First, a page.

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Late last week in Minsk, negotiators representing Ukraine, the separatist forces, and Russia agreed to a ceasefire. If this deal holds -- plenty of earlier ceasefires have fallen apart as soon as they were signed -- then the active phase of fighting in eastern Ukraine will have come to end on terms favorable to Russian President Vladimir Putin.
Earth Overshoot Day is the date on which humanity’s demand for natural resources exceeds the earth’s ability to renew them in a year. Last year, we hit that mark on August 20. This year, it comes one day earlier. For the remainder of 2014, in other words, we will be living beyond our planet’s means.
Hungarian Prime Minister Viktor Orban recently announced his government’s decisive break with liberal democracy. If EU leaders do not address this problem, they could soon lose Hungary for good.
Crossing the border between the United States and Mexico is more dangerous than ever. Here's what happens to those who make it -- and those who don't.
Last Friday, EU leaders voted to nominate Jean-Claude Juncker as the next president of the European Commission. Juncker’s nomination constituted a major victory for the European Parliament and a humiliating defeat for British Prime Minister David Cameron.
The United States has a key role to play in helping broker a new deal among Iraqi elites that creates a better balance among the country's various communities.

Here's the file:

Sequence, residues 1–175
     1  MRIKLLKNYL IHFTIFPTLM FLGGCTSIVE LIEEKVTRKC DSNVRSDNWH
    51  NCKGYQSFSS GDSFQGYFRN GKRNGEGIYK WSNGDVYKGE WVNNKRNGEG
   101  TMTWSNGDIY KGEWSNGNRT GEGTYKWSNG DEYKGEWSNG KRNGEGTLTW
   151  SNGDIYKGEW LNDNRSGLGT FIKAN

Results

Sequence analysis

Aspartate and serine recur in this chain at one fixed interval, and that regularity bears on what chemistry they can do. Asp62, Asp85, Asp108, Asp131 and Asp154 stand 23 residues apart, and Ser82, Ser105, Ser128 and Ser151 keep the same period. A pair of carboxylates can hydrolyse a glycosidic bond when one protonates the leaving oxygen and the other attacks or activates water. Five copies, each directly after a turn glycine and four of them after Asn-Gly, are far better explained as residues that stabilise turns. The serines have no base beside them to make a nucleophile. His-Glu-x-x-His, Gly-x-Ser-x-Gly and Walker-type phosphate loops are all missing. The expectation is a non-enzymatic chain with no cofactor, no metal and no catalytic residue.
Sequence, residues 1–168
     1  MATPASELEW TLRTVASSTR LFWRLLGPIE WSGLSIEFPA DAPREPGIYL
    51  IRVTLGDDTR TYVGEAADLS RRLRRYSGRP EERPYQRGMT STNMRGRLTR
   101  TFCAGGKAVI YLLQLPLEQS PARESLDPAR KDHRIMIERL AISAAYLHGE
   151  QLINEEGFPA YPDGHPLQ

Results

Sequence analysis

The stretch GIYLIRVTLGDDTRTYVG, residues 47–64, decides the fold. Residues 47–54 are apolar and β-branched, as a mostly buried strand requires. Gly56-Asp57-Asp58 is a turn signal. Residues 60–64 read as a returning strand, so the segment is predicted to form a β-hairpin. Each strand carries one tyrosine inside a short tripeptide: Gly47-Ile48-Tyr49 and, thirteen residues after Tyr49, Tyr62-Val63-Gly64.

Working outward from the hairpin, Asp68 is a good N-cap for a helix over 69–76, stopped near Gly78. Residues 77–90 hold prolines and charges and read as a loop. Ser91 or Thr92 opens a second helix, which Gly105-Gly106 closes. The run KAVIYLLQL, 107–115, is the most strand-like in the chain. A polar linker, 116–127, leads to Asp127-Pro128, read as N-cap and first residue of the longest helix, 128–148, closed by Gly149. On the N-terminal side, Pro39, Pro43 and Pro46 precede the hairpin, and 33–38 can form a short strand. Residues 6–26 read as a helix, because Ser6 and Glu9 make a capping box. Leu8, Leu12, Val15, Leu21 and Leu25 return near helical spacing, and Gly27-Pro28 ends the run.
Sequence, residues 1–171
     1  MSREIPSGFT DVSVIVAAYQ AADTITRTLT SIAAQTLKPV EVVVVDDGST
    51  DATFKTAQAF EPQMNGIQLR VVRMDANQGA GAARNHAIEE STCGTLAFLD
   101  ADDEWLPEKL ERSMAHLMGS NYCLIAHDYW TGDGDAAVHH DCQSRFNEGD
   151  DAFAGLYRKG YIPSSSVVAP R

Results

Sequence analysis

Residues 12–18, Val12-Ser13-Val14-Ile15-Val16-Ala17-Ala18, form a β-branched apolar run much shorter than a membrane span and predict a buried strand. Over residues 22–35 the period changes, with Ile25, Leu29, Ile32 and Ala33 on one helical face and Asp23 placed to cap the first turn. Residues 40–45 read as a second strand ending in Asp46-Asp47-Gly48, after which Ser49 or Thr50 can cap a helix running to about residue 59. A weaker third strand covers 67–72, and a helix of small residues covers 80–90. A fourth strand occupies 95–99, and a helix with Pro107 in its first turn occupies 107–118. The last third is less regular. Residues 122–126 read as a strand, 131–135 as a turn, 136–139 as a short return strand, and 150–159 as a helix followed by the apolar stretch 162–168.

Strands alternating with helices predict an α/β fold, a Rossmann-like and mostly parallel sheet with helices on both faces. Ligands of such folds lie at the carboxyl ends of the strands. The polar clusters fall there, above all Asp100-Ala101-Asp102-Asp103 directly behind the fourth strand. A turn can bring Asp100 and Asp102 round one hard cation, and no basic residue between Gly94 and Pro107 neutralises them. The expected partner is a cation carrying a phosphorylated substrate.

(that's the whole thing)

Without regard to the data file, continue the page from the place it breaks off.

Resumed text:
American foreign policy, routinely decorated with extravagant alarmism over the last dozen years or so, has been an abject failure. That is why it is a good thing that threat-inflation is becoming a harder sell when it comes to Iraq.
With the situation in Mosul rapidly deteriorating, Prime Minister Nuri al-Maliki seems to be considering two main alternatives: proceed with forming a new cabinet, which would require him to include at least some of his political enemies, or consolidate his influence among Iraqi Shia, with little regard for what happens to the Sunni and Kurdish parts of the country.
The celebratory mood in some corners of Thailand that followed Prime Minister Yingluck Shinawatra's ouster is likely to prove short-lived. Her removal will only usher in an illegitimate regime that exacerbates tensions in the country and lays the groundwork for future protests.
For the first time since 1989, Europe is transforming. The primary protagonists, by most accounts, are Russia and the West. The bit of territory that they are clawing at -- Ukraine -- has largely been eclipsed. Yet inattention to Ukraine’s internal demons reflects a dangerous misreading of current events.
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